Karnataka

Karnataka takes the lead in lobbying with FAO for an ‘international year of millets’

As the next step, efforts are now on to create a working group of nearly 15 countries to support the proposal

Karnataka is taking the lead in convincing the Food and Agriculture Organization (FAO) to declare a year as an ‘international year of millets’ in a bid to popularise these mineral-rich and drought-tolerant foodgrains at the international level.

The State’s Agriculture Minister Krishna Byre Gowda, who attended a meeting of the Committee on World Food Security in Rome earlier this month, used the occasion to raise the issue with FAO authorities. He asked them to declare one year as an international year of millets and a day as international day of millets.

“If it happens, several activities will be lined up to create awareness about the benefits of millets and it would in turn help their growers,” the Minister told The Hindu.

A high-level delegation of the government of India comprising its Agricultural Ministry officials endorsed his view and made an oral request at the meeting. “Now, we will be taking up the issue with the government of India to make a written request to the FAO,” he said, and added that many high-level functionaries of the FAO were positive about it.

As the next step, Mr. Gowda said they would be putting up a working group of 15 to 16 countries to take up the issue. “The FAO has suggested that there has to be a support for our proposal from a few other countries too,” said Mr. Gowda. The process of identifying other millet-growing and consuming countries had already begun and countries, including France, Indonesia, Ukraine, Poland, Ethiopia, and Sudan, have been shortlisted for the formation of the proposed working group, he said.

Mr. Gowda, who visited some European countries while returning to India to know about the status of millet awareness, said many were now beginning to reintroduce millet-based products. “Our enquiries revealed that millets had been used commonly by those countries several decades ago. Like in India, they too are now trying to restore their prominence by educating people about the importance of millets,” he said.

Rains to help increase millet-growing area

Karnataka’s millet-growing area as well as production are set to get a boost with the recent good spell of rains. The area under cultivation of major millets such as ragi, sorghum and pearl millet is expected to increase by about 15%, while that of all other millets which are classified as minor millets is getting doubled, according to the Agriculture Minister.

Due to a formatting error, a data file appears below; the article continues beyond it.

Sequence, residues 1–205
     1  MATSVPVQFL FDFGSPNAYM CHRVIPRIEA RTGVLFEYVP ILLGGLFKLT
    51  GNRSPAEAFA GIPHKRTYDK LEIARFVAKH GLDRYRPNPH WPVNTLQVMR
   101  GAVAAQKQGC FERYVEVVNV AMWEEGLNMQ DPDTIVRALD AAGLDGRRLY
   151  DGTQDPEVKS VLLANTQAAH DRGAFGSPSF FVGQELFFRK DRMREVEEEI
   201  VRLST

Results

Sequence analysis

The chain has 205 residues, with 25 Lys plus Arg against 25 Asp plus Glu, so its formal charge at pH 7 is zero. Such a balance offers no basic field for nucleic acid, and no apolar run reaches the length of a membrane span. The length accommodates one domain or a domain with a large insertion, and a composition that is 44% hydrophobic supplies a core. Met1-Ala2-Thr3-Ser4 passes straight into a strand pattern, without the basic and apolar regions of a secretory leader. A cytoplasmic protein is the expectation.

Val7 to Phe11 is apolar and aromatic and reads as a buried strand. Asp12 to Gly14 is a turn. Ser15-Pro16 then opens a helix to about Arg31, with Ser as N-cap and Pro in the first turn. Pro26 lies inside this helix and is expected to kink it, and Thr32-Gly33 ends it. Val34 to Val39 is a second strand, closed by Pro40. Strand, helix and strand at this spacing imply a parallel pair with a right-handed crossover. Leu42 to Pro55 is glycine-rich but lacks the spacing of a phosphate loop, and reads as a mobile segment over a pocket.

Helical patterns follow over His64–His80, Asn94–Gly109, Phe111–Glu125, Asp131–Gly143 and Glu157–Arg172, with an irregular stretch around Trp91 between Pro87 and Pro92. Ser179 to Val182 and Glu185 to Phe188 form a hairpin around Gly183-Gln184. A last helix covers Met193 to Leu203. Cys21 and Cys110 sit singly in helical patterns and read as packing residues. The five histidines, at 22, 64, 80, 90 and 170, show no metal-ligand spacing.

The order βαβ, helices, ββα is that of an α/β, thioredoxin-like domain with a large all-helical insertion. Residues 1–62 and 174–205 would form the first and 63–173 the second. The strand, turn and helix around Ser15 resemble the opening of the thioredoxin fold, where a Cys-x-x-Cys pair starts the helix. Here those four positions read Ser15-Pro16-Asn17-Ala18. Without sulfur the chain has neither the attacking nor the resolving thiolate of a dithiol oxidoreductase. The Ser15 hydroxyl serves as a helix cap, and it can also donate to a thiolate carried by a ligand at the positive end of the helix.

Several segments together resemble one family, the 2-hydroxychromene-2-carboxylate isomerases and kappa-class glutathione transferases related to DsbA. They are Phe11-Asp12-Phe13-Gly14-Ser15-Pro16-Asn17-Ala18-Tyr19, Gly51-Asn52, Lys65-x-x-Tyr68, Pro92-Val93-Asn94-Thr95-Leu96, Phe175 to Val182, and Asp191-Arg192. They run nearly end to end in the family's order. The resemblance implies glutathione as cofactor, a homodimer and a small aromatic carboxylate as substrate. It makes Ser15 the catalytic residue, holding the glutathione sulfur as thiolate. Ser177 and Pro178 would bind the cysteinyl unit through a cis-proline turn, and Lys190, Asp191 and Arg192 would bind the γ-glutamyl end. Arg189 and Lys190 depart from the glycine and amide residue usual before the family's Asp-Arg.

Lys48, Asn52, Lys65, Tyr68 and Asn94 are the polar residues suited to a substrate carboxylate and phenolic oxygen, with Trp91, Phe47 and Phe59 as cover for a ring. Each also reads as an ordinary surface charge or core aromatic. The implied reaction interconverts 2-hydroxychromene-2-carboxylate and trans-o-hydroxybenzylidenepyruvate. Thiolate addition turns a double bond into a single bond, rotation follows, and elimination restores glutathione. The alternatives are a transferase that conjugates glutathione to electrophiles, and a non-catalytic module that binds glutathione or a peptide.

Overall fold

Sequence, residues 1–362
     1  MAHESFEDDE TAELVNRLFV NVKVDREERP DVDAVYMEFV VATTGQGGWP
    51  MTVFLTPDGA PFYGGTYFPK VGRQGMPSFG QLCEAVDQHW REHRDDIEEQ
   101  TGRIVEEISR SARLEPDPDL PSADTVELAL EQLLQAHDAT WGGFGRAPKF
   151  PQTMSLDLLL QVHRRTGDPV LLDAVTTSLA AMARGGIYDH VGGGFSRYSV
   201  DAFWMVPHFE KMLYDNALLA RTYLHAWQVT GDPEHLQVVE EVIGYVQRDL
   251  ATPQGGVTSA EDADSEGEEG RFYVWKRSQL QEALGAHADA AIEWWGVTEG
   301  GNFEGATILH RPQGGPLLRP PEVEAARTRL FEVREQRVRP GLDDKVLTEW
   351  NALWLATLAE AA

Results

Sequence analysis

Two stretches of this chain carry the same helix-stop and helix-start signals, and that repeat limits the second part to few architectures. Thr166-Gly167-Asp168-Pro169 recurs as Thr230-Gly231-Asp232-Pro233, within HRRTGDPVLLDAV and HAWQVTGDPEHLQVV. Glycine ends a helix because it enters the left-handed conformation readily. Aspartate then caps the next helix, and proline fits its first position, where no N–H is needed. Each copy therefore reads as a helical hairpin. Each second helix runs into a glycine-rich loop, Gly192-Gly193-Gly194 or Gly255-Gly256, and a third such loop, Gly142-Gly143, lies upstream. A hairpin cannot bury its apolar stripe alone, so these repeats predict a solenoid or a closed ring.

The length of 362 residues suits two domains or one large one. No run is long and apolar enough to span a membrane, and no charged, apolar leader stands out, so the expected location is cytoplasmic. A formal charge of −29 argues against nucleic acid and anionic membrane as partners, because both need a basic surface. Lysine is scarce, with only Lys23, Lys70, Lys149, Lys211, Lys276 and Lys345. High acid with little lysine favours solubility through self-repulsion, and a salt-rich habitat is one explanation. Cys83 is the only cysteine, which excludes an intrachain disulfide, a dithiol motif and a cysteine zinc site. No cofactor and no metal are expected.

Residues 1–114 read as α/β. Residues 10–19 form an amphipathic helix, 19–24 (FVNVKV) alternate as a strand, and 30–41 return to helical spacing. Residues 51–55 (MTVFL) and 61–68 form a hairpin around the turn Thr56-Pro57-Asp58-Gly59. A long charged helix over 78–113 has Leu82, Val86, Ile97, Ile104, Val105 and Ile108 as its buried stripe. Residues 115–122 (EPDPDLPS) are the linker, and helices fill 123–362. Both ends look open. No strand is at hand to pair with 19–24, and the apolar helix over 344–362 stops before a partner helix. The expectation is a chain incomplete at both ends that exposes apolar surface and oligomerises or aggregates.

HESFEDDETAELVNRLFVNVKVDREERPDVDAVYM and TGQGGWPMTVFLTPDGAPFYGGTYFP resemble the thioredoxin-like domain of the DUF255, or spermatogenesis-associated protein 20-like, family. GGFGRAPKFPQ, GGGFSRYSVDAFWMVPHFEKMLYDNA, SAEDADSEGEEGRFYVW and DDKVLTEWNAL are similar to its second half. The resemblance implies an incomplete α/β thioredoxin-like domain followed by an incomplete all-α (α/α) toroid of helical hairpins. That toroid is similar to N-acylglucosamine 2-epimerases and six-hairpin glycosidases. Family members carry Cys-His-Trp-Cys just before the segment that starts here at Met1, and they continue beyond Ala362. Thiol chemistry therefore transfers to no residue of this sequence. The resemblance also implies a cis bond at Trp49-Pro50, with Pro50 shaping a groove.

Ragi, sorghum and pearl millet account for 17 lakh to 18 lakh hectares while all other millets are grown normally on a total of 19,000 to 20,000 hectares, he pointed out. The State has taken up a ₹34-crore programme for encouraging millet-cultivation.

Mr. Gowda said non-availability of primary processing machine was a major lacunae in the value chain of millets so far as traders were sending the produce to States such as Maharashtra for processing. This was adding to the selling cost of millets. Providing primary processing facilities is expected to help farmers get better prices.

International fair planned in January

Karnataka’s humble millets are set to get international exposure with the State government preparing to organise an international- level fair in January 2018. The three-day event would see international companies getting introduced to the local millet growers’ groups as well as companies that take up exports.

Mr. Gowda told The Hindu that while some of the firms from Europe and the U.S. have already confirmed their participation in the event, a State team will soon visit West Asian countries to invite companies for the event. Apart from business firms, the government is also looking at having scientists, researchers and nutritional experts at the event.

However, there are some practical issues such as building proper linkages which need to be put in place for facilitating smooth exports, since foreign firms are interested not in foodgrains but in products made out of them to suit the tastes and requirements of people of their countries. This would mean that millets should be processed and local companies should be involved to create an array of ready-to-eat food products.

Mr. Gowda said the State millet sector also had to explore domestic market in the wake of increase in awareness among consumers about health benefits of these foodgrains. “We must build a domestic base of supply which can be used as a jump pad for exports to other countries,” he said.

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Printable version | Jun 1, 2020 8:38:38 AM | https://www.thehindu.com/news/national/karnataka/karnataka-fao-international-year-of-millets/article19899083.ece

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